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Measuring the law: Sécurité juridique as a watermark

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  • Raynouard, Arnaud
  • Kerhuel, Anne-Julie
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    Abstract

    The relationship between law and economic development remains enigmatic. Broadly speaking, there is no doubt that legal mechanisms for social control (or ‘institutions’, to use North's words) play a major role. Nevertheless, the impact of legal organization on economic development has not been clearly identified. Despite the progress attained by major studies in recent years, they have not definitively resolved whether law is a condition precedent to economic development, or rather a supporting element thereof, much less whether a particular legal system is necessarily and universally optimal. The failure of collectivization is evident. However, the open market model has multiple variants of the state's role and the degrees of regulation. A first approximation challenging the relevance of economic analysis of this topic notes the frequent confusion between legal system, legal rule, administrative and bureaucratic organization, political system, substantive law, and legal practice. The confusion produces uncertainty about the purpose of the evaluation. The Doing Business reports aspire to measure the ease of doing business in a country, within its legal framework. However, contrary to the oft-advanced idea, this approach involves an assessment, not of the legal system within its functional organization but rather of public policies and their implementation. In this regard, hasty conclusions recognizing a correlation between the ease of doing business and membership in a particular legal family are of dubious validity. Evaluating legal systems per se requires an assessment of the proper applicability of rules that fall within the corpus of the law, the predictability of legal solutions and the substantive guarantee of the rights recognized by legal rules. This approach perforce raises the question of legal certainty. The establishment of an index of legal certainty will contribute to an analysis of this characteristic, which is an essential attribute of the law in various national systems and at various stages of the development of norms and their implementation. This study provides rationales for a legal certainty index.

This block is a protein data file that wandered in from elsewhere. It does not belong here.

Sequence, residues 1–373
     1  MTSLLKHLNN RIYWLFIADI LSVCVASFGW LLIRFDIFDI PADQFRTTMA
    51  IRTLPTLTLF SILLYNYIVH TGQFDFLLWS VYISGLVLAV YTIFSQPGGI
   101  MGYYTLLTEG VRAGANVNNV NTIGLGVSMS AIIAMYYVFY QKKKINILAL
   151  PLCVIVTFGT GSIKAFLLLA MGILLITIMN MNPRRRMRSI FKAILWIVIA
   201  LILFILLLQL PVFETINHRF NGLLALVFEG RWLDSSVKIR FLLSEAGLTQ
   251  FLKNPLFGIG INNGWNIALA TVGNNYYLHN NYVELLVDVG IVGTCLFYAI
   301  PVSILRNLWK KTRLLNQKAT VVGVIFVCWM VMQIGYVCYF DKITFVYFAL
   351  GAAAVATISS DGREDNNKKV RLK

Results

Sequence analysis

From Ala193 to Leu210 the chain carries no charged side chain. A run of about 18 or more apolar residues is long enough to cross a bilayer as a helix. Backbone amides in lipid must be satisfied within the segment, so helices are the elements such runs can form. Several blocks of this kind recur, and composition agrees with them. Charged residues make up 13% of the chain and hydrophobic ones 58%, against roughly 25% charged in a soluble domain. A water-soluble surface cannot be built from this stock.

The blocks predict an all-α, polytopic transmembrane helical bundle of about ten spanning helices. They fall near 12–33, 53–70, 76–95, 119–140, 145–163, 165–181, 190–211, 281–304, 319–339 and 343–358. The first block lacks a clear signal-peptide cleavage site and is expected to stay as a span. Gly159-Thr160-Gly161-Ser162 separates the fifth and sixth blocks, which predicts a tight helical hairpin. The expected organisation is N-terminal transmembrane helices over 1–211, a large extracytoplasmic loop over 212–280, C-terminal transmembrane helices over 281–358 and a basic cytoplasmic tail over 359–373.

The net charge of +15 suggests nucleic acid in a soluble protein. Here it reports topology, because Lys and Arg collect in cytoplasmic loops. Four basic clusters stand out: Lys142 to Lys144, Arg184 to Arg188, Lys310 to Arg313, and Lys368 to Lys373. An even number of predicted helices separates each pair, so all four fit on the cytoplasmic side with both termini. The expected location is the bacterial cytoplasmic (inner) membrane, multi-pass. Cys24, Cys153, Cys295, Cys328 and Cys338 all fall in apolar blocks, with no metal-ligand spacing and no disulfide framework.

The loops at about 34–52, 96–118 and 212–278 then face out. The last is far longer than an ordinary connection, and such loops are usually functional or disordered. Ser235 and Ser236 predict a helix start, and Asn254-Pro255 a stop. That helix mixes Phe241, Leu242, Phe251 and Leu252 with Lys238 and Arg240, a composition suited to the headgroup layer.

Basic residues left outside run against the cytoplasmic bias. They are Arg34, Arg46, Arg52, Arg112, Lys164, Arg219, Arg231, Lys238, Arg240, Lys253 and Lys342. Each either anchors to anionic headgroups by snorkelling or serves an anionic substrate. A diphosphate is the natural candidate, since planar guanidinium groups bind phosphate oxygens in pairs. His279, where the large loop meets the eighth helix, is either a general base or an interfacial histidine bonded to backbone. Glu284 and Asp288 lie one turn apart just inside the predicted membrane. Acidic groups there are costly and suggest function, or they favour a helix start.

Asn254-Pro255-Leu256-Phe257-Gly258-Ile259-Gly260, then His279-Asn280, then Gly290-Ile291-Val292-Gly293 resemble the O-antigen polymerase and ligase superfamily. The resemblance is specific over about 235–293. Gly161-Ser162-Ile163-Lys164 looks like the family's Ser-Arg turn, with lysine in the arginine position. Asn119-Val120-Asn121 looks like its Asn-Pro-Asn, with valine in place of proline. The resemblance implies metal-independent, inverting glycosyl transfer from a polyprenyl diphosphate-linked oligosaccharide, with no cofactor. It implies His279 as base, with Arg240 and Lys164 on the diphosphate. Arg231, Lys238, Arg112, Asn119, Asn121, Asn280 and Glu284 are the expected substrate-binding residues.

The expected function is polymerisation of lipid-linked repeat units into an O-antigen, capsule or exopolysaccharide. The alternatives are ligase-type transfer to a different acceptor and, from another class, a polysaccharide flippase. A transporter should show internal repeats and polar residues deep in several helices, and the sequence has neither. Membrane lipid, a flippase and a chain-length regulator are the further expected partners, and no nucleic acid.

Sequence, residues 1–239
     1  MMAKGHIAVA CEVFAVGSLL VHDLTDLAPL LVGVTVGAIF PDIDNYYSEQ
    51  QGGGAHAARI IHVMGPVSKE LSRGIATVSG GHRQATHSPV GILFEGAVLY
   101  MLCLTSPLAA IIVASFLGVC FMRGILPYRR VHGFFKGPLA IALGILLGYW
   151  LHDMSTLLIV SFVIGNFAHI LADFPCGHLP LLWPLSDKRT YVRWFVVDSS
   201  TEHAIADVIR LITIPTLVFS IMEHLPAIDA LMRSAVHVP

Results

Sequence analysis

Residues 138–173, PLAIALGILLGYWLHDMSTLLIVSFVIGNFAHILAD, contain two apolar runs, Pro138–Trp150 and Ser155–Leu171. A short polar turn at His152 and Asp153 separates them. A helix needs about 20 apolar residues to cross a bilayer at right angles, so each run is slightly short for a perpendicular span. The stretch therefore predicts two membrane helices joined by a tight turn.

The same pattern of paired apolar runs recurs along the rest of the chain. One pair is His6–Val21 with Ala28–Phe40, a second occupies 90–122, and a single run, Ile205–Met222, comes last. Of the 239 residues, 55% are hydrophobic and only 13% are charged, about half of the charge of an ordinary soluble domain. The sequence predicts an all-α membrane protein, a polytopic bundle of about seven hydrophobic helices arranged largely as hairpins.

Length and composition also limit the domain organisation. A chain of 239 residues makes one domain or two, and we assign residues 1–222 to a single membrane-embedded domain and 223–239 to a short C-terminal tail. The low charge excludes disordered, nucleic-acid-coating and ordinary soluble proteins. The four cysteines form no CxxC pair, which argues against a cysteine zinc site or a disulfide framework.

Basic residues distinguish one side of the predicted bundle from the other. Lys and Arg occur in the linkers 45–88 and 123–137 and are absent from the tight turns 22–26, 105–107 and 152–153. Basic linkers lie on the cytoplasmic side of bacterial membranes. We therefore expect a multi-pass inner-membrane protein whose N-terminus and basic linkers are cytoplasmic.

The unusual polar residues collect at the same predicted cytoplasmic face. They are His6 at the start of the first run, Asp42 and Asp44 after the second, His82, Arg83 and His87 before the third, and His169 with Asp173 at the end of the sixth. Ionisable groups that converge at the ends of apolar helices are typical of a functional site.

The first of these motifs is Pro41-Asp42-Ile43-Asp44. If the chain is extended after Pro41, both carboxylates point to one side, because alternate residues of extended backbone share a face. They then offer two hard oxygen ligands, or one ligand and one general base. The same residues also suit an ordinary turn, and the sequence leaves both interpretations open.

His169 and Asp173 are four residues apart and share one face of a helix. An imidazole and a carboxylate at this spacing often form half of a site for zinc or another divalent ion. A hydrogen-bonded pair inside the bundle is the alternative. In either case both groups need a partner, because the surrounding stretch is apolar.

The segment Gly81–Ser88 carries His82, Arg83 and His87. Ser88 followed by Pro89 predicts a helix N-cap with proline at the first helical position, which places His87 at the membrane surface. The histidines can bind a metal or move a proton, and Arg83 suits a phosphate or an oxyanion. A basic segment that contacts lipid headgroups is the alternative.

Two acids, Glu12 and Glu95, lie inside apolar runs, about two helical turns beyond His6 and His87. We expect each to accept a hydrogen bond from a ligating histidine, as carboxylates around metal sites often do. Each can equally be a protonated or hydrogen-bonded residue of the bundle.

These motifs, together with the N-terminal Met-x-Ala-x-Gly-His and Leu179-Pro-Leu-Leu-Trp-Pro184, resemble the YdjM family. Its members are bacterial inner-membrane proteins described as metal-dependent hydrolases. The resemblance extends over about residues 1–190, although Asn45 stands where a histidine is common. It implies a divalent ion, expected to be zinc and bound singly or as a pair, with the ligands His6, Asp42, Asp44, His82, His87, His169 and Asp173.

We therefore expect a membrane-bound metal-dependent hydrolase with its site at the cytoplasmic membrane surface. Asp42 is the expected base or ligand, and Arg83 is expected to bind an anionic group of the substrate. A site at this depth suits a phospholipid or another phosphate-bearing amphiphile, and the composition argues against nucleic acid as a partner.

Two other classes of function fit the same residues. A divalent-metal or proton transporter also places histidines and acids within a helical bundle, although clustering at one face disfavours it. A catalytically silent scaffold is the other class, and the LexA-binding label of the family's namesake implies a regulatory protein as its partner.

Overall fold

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    Bibliographic Info

    Paper provided by Paris Dauphine University in its series Economics Papers from University Paris Dauphine with number 123456789/11683.

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    Date of creation: 2011
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    Publication status: Published in International Journal of Disclosure and Governance, 2011, Vol. 8, no. 4. pp. 360-379.Length: 19 pages
    Handle: RePEc:dau:papers:123456789/11683

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    Related research

    Keywords: Sécurité juridique; droit et développement; droit comparé; comparative law; legal system; economic development; law and economics; law and development; doing business; predictability; legal certainty; rule of law;

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    1. Rafael La Porta & Florencio Lopez-de-Silanes & Andrei Shleifer & Robert W. Vishny, 1998. "Law and Finance," Journal of Political Economy, University of Chicago Press, University of Chicago Press, vol. 106(6), pages 1113-1155, December.
    2. Brunetti, Aymo & Kisunko, Gregory & Weder, Beatrice, 1998. "Credibility of Rules and Economic Growth: Evidence from a Worldwide Survey of the Private Sector," World Bank Economic Review, World Bank Group, World Bank Group, vol. 12(3), pages 353-84, September.
    3. Daron Acemoglu & Simon Johnson & James Robinson, 2004. "Institutions as the Fundamental Cause of Long-Run Growth," NBER Working Papers 10481, National Bureau of Economic Research, Inc.
    4. Thorsten Beck & Asli Demirguc-Kunt & Ross Levine, 2002. "Law and Finance: why Does Legal Origin Matter?," NBER Working Papers 9379, National Bureau of Economic Research, Inc.
    5. Aymo Brunetti & Beatrice Weder, 1998. "Investment and institutional uncertainty: A comparative study of different uncertainty measures," Review of World Economics (Weltwirtschaftliches Archiv), Springer, Springer, vol. 134(3), pages 513-533, September.
    6. Rafael La Porta & Florencio Lopez-de-Silane & Andrei Shleifer & Robert W. Vishny, 1997. "Legal Determinants of External Finance," NBER Working Papers 5879, National Bureau of Economic Research, Inc.
    7. Karla Hoff & Joseph E. Stiglitz, 2005. "The Creation of the Rule of Law and the Legitimacy of Property Rights: The Political and Economic Consequences of a Corrupt Privatization," NBER Working Papers 11772, National Bureau of Economic Research, Inc.
    8. Nuno Garoupa & Anthony Ogus, 2006. "A Strategic Interpretation of Legal Transplants," The Journal of Legal Studies, University of Chicago Press, University of Chicago Press, vol. 35(2), pages 339-363, 06.
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